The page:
Places to go on Mackinac Island: Marquette Park

There’s a statue on Mackinac Island, right in the middle of everything where you can’t miss it. If you’re into Mackinac Island history, then you’ll appreciate the tale behind the statue. If learning about dead men isn’t your thing, just know that when you find the statue then you’ve found Marquette Park.

Mackinac Island’s Marquette Park is a beautiful greenspace at the foot of historic Fort Mackinac where soldiers in the 1800s tended a garden. These days, what grows in Marquette Park is soft green grass and sweet-smelling lilacs.

Here are a few more things to know about Marquette Park:

Mackinac Island's Marquette Park viewed from above with lilacs, statue and water in the distance

Things to Know About Mackinac Island’s Marquette Park


  • Marquette Park is where there’s a reproduction of an ancient birchbark chapel that signifies the first European presence on Mackinac Island.




A statue of Father Jacques Marquette stands in Mackinac Island's Marquette Park at the foot of Fort Mackinac

Marquette Park’s Place in the History of Mackinac Island

In addition to being the perfect picnic spot or meeting place, Marquette Park also provides an interesting look back into Mackinac Island history. If you haven’t already guessed, the statue represents a man named Marquette. Father Jacques Marquette was a French priest who established Catholic missions in the Upper Great Lakes during the late 1600s and discovered the northern reaches of the Mississippi River.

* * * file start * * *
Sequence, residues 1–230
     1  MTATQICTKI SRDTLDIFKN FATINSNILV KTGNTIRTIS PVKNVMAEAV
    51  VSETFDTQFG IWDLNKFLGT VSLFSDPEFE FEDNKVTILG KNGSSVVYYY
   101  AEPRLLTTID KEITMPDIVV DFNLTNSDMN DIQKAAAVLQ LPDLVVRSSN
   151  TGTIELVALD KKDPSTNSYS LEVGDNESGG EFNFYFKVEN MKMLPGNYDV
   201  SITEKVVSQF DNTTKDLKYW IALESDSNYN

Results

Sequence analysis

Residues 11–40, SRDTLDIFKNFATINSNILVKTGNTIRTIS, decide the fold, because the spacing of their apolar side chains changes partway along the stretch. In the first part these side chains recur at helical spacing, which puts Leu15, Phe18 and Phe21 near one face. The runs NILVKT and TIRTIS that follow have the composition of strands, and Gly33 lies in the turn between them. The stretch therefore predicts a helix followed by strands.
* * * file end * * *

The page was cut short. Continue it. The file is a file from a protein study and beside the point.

It was 350 years ago in 1670 that Marquette brought a Catholic mission to Mackinac Island along with fellow priest Claude Dablon. That mission is commemorated by the birchbark chapel that you can visit in Mackinac Island’s Marquette Park still today.

The statue of Marquette was installed on Mackinac Island in 1909 and is similar to a statue 160 miles away in Marquette, Mich. and to another in the U.S. Capitol building in Washington, D.C. The Marquette statue looks out over the bay which includes a Mackinac Island marina and docks for ferry boats to bring visitors from the mainland.

Interestingly, the water eyed by the Marquette statue is called Haldimand Bay, named after the 18th century British general who was governor of Quebec – which at the time included what is now Michigan. Haldimand was in charge when Fort Michilimackinac was moved from the northern tip of the Lower Peninsula to Mackinac Island in 1780.

The statue of Marquette overlooking Haldimand Bay brings together in one glance the French, British and Native American histories that all converged on Mackinac Island to make it a truly extraordinary place.


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